Next of Kin: A Death Valley Mystery
by Melissa M. Garcia

"Stellar scanned the article. A man had apparently sent in a letter to the paper, claiming responsibility for both of the recent murders. He wrote that the men had been known to the community as abusers and needed to be removed from his peaceful city. The supposed killer signed his letter The Coyote."

This is the second book in the Death Valley Mysteries, although it is also works as a stand-alone novel. In 205 pages, the book offers numerous mysteries within the main story. Homicide Detective Stellar has his hands full with all the suspects regarding the murders in his town. Stellar also struggles with personal issues including the arrest and incarceration of his brother on drug charges, his on-and-off relationship with a news reporter named Erika, and the possibility of corruption within his own Police Department. Included is the story of Alex, a murderer who has completed her prison sentence, and her brother Ric, her protector and a former police officer who has disappeared without explanation. Add to this concoction are reports of prostitution, financial malfeasance, blackmail, abuse, police cover-ups, a disemboweled goat, and the usual family dysfunctions, this makes for a read that shouldn't be missed. The ending is fascinating in its own right, but also leads the reader wanting more from the next book in the series.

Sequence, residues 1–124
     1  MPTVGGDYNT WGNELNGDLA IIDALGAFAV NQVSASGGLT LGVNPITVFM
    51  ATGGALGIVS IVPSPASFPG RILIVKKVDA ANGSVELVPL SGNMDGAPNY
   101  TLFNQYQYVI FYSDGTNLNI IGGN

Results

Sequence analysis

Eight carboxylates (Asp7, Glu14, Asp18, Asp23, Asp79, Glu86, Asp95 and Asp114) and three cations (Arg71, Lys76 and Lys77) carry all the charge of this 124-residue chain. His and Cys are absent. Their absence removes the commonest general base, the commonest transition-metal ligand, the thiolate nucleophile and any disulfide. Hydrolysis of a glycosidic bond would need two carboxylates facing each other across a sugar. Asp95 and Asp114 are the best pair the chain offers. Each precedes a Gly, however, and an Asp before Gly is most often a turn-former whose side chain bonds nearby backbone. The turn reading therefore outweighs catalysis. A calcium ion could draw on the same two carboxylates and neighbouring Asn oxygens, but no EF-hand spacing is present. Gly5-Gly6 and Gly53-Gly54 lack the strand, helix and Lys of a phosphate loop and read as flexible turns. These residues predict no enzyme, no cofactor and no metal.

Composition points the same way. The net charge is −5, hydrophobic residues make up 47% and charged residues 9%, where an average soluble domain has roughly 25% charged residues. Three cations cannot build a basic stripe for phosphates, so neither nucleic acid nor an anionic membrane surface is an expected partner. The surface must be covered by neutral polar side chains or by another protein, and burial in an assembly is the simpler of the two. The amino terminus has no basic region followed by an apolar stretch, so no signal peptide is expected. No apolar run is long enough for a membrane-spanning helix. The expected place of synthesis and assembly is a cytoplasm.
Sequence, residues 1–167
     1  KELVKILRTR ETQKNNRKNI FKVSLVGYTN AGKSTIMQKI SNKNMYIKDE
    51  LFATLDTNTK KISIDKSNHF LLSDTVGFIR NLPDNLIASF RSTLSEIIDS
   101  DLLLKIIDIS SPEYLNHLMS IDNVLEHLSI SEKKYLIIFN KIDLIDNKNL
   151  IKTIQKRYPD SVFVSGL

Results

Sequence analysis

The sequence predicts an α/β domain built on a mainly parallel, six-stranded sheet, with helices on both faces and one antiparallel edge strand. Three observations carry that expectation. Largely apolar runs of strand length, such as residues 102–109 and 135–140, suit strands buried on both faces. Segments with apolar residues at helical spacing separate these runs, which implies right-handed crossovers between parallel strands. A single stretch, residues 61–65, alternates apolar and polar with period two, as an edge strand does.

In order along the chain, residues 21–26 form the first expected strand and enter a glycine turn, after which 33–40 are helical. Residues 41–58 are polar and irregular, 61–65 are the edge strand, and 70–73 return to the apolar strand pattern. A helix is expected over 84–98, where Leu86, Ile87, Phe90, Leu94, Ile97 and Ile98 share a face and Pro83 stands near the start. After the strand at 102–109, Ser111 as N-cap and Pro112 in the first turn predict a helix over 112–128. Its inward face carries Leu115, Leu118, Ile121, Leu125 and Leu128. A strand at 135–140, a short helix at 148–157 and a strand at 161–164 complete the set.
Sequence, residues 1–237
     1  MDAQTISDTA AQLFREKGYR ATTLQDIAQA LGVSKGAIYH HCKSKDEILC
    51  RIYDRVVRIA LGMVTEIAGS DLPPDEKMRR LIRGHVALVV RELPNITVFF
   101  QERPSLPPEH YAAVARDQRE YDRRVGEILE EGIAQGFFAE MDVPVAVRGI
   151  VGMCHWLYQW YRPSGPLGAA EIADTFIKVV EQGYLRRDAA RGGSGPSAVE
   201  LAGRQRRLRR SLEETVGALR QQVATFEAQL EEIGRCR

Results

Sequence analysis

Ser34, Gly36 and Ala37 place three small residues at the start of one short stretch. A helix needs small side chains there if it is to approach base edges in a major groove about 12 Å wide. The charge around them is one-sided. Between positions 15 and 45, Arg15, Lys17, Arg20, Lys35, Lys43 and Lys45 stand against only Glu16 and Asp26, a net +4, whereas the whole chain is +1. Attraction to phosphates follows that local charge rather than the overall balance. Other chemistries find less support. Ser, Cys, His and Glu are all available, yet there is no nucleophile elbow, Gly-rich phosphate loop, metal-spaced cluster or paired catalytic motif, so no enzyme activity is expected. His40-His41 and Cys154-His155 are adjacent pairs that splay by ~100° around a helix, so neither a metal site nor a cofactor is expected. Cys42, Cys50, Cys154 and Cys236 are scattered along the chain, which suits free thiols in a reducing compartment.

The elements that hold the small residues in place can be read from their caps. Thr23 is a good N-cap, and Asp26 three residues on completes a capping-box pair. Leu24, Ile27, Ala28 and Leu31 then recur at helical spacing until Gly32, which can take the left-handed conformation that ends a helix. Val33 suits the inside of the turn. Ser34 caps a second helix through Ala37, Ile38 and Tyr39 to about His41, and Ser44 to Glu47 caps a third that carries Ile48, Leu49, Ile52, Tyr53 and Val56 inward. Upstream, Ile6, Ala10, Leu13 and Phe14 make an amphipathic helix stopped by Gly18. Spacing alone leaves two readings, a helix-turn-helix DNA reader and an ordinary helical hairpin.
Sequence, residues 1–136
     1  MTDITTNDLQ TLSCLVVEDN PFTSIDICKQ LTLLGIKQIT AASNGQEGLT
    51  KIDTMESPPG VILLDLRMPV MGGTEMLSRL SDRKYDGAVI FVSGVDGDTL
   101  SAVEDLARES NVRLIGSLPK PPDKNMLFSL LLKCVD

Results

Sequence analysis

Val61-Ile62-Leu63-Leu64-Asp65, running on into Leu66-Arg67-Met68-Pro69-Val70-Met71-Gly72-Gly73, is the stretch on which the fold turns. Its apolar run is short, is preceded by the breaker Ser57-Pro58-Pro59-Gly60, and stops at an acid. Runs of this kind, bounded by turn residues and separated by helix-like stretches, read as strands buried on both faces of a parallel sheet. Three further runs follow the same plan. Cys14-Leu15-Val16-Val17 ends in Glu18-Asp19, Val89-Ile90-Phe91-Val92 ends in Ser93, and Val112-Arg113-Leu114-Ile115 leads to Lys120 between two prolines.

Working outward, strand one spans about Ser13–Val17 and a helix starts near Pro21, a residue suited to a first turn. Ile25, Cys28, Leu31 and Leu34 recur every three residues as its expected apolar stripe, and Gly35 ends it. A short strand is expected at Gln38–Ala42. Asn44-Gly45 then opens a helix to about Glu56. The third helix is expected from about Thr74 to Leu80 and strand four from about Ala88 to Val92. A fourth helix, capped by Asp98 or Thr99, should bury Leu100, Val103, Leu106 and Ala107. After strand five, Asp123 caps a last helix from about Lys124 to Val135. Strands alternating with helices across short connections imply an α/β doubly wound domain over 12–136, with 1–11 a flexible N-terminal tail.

This is a mystery to enjoy. It will engage the reader with a lot of bodies, both living and dead, who offer a quandary of clues regarding the deaths. The characters are believable with their own follies and dysfunctional behaviors, and the dead tell no lies if only the real perpetrators can be found. The relationship that Detective Stellar has with the newspaper reporter has been a technique utilized by other authors, but this is not a stale look into these complications and has the reader looking at professional ethics for them—not to mention the questionable ethics of the Chief of Police and other police officers. Also, while the reporting on the status of the bodies is vivid, it is not infused with too much gore which can often take away from good writing. Not the deepest of mysteries, but a good book, written competently, and easy-to-follow, yet a story that cannot be easily decoded until the very end when the author ties up the loose ends. It will keep the reader guessing, which is the best quality of a mystery novel.

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